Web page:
Tuesday, April 24, 2012

New Breakthrough in Photovoltaic solar cell efficiency

Researchers from Helmholtz Centre Berlin for Materials and Energy and the University of Sydney, with Australian Solar Institute support, have achieved a record breaking 40 per cent efficiency in the output from crystalline silicon solar cells. Previously, only up to about 33 per cent of energy could be harvested from normal amorphous crystalline silicon solar cells.

Associate Professor Tim Schmidt from Sydney University's School of Chemistry has been researching improving solar cell efficiency using the upconversion technique, a process which harvests the part of the solar spectrum currently unused by solar cells, and eliminates the need for costly redevelopment of solar cells.


"We are able to boost efficiency by forcing two energy-poor red photons in the cell to join and make one energy-rich yellow photon that can capture light, which is then turned into electricity," Associate Professor Schmidt said. "We now have a benchmark for the performance of an upconverting solar cell. We need to improve this several times, but the pathway is now clear."

You can read more on the upconversion process at the Australian Solar Institute website. The Australian Solar Institute provided $500,000 funding for the $1.5 million project from it's $150 million commitment by the Australian Government to support the development of photovoltaic and concentrating solar power technologies in Australia.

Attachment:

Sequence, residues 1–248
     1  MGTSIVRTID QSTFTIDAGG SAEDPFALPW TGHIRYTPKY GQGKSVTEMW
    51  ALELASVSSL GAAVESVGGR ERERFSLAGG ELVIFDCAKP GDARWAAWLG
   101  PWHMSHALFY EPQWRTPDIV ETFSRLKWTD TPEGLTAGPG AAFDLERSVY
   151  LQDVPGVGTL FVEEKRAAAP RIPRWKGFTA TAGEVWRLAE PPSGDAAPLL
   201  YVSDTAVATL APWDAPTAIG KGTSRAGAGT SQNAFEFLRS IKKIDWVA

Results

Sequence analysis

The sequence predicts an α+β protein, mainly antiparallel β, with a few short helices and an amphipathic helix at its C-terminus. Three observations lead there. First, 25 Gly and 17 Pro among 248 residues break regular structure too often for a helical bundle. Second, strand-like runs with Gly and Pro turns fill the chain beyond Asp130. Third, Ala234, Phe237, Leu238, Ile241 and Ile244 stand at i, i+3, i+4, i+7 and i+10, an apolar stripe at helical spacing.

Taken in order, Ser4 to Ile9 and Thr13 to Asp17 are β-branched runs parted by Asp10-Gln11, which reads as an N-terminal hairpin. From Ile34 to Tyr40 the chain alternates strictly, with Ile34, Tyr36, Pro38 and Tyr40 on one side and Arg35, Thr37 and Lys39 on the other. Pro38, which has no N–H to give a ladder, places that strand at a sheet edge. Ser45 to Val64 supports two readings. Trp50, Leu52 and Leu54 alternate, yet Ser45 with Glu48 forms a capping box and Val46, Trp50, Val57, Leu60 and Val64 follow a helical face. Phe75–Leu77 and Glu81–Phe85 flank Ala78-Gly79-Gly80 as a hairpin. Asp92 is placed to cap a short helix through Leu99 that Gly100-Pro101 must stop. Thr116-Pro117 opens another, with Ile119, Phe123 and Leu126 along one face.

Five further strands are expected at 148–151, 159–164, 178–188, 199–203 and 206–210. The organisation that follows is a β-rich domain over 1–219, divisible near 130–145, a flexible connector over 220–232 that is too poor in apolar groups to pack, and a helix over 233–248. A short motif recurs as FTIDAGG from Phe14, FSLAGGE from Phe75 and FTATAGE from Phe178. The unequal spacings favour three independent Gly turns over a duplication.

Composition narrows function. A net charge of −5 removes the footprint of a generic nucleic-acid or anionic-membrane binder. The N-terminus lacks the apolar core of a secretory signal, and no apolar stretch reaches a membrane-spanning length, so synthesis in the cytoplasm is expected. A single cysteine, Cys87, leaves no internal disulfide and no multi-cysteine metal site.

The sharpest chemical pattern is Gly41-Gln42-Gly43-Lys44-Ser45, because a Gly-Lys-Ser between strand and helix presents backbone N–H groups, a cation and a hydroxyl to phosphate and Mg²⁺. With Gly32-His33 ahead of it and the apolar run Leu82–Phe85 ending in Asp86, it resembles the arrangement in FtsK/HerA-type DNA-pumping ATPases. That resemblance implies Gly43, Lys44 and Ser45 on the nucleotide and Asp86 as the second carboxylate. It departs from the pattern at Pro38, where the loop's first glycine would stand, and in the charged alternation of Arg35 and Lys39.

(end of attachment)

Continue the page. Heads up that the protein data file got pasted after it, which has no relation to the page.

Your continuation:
Australian Solar Institute Executive Director Mark Twidell said this is a great example of successful collaboration between leading Australian and German solar researchers.

"Together, Australia and Germany can accelerate the pace of commercialisation of solar technologies and drive down the cost of solar electricity," Mr Twidell said. "That’s why the Australian Solar Institute is supporting collaboration between the two countries through the Australia-Germany Collaborative Solar Research and Development Program."

An increase in efficiency in solar panels will again low the cost per unit of energy of solar photovoltaic power. Now it is just a matter of refining the process outlined in the scientific paper - Improving the light-harvesting of amorphous silicon solar cells with photochemical upconversion (abstract) - and incorporating the refinements at minimum cost in the solar panel production process.

Sources:

  • Media release from University of Sydney, 19 April 2012 - Ray of light: Breakthrough in solar cell efficiency
  • Yuen Yap Cheng , Burkhard Fückel , Rowan W. MacQueen , Tony Khoury , Raphaël G. C. R. Clady , Tim F. Schulze , N. J. Ekins-Daukes , Maxwell J. Crossley , Bernd Stannowski , Klaus Lips and Timothy W. Schmidt, Energy and Environment, 9 February 2012 - Improving the light-harvesting of amorphous silicon solar cells with photochemical upconversion (abstract) DOI: 10.1039/C2EE21136J
  • Australian Solar Institute - upconversion process factsheet